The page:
But held close in.
I could have belonged to,
But only longed for.

I am barely sleeping.
The circle of
Time and space
Chases me back onto myself
To the mirrored
Reflected pieces falling
With nowhere to land.

I am barely becoming
Aware of
The dissonance of silent voices
The fragile brokenness of living
Aching to be made more than the marrow it is
Coursing as it does through dreams.

I am almost terrified
That choices are stepping stones
Vanishing once they are crossed over
As if decision is wading through the mud and the fog
The mists veiling what lies ahead
And nothing but footfalls behind me
Beginning to lose definition.

I am barely teetering
On the point
Where water meets sand
Would you jump in
No telling which you’d meet
Or would you simply
Keep still?

I am barely asking
This question
Which has no answers
Only arguments
With tales trailing behind them
Longer than before I was born.

I am imperceptibly hoping
That I will turn around now and walk away,
But if I listen or move
Or even blink,
I might miss you passing by
And remain unknowing.

I am tentatively dreaming
Of the day when I do not retreat
Back the same way I have come
So that then, if we are ever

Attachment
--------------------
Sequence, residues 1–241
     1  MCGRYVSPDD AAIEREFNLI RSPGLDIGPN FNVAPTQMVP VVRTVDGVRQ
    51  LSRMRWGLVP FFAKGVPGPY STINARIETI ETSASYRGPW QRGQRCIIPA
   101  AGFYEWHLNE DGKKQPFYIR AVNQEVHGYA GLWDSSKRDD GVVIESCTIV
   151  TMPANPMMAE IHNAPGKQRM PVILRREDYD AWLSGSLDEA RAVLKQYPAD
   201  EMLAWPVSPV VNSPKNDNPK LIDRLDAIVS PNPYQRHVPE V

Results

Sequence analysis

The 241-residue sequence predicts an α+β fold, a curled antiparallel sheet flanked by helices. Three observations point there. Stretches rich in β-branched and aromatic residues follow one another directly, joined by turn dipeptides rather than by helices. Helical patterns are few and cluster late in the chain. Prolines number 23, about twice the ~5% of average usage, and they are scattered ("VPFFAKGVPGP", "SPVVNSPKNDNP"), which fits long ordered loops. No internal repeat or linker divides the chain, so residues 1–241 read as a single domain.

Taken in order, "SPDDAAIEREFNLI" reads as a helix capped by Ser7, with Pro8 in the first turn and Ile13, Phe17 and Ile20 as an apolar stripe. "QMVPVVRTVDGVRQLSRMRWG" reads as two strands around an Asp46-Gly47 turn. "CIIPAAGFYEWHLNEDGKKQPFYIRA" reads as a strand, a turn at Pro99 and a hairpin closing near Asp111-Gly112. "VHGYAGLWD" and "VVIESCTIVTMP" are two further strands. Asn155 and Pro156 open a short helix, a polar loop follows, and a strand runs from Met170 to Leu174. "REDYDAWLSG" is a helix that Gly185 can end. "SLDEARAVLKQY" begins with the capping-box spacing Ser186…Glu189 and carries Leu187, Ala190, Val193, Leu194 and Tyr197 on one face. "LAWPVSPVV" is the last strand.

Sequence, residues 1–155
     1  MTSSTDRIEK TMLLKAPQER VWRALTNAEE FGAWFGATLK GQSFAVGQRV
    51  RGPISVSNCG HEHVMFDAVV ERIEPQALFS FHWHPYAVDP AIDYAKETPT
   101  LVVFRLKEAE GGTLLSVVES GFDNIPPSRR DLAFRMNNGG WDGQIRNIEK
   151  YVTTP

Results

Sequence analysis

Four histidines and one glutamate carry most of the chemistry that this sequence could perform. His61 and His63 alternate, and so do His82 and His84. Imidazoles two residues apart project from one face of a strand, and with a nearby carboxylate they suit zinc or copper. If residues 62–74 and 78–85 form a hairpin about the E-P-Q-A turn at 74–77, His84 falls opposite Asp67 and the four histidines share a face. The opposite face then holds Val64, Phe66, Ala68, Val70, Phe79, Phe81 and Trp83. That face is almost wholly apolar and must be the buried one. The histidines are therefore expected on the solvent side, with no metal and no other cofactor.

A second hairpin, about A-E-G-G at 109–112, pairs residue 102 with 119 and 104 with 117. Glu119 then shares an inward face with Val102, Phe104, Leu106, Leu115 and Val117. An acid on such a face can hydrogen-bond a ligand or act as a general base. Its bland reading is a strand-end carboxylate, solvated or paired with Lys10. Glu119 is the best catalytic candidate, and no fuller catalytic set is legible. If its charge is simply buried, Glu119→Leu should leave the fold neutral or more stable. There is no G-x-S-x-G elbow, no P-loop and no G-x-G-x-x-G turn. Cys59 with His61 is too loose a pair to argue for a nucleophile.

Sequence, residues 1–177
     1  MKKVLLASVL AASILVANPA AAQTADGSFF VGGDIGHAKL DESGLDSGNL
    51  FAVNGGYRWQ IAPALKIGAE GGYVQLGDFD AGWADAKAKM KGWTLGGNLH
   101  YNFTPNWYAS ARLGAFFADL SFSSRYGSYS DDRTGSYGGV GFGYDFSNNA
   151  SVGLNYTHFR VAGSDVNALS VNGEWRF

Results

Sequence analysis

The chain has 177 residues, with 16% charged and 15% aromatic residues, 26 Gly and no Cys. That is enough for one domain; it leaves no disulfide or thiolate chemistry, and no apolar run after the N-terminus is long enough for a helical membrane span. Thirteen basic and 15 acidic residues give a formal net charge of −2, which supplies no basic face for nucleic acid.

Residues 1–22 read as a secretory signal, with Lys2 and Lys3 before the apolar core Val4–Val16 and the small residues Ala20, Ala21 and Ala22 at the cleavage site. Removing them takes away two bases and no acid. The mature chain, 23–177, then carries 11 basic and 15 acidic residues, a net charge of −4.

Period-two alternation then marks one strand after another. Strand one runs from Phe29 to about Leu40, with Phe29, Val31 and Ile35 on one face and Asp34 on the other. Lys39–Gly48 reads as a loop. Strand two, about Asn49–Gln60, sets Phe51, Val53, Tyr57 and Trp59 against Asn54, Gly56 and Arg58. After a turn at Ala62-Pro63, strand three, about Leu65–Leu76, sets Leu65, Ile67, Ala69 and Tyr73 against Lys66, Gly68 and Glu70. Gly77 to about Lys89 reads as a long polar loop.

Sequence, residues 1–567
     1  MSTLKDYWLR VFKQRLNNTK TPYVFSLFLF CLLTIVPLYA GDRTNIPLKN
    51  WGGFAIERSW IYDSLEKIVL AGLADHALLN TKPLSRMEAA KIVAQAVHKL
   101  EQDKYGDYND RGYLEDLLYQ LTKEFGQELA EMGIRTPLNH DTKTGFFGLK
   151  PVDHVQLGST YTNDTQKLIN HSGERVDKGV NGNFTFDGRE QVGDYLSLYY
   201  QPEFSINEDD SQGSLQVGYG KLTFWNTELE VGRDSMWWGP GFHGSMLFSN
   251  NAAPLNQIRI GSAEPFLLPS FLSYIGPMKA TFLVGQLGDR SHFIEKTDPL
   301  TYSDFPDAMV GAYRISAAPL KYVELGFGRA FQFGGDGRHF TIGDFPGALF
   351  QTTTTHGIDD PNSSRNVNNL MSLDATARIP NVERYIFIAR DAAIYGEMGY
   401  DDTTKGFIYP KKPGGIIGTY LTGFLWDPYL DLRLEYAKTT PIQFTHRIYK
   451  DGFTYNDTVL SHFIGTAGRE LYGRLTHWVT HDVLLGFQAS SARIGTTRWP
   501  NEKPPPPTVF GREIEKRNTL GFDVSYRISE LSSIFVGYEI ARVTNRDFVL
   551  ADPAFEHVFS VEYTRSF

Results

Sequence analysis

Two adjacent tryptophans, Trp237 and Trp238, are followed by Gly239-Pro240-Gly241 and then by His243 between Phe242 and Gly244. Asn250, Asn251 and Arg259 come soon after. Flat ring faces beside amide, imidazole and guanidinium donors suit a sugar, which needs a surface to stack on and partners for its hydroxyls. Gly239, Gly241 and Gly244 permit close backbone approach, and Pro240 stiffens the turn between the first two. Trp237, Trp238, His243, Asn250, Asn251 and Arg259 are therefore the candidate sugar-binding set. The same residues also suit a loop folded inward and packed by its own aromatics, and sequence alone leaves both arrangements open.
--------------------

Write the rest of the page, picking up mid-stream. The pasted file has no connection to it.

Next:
Again in the same place
You will know that I am
No longer afraid of my own shadow.

I am deeply wanting
To find the time to tell you
That I have listened
To myself and followed
My own footprints
To a space
Of my own.

Inclusive Spaces Where Disability Is Simply Forgotten

Jim LeBrecht is a highly successful businessman.  He also has a disability.  You can find him on facebook here: ! <https://www.facebook.com/JimLeBrecht/posts/10152206635136182




I resonated so much with his post that I’ve reblogged it below.  In this increasingly global world where inclusion is more often than not bantered about in business and professional circles, it is astounding how often disability is simply left out of the picture.  , Comments welcome.  Jim’s words follow. Unfortunately I have spent 40 minutes trying to make a blockquote with a screen reader to no avail, so just imagine that the text is quoted. Yes, this is ironically an issue of inclusion happening right here, right now.

I’ve started a conversation with a friend and came up with this thought that I want to share:

When you tout your workshop as being inclusive so that you can spread your knowledge about being an entrepreneur to underserved communities and you hold it up a flight of stairs, then you do more harm than good. Especially when you tell the group there that it’s more expensive to find a place that is wheelchair accessible. The attendees, some of whom will build businesses won’t see the qualified and smart folks with disabilities in the class with them. They won’t meet the people that have to improvise everyday and are good at problem solving on the spot. They didn’t have me there, the guy using the wheelchair that has run his own business for 18 years and has been a manager for over 30 years.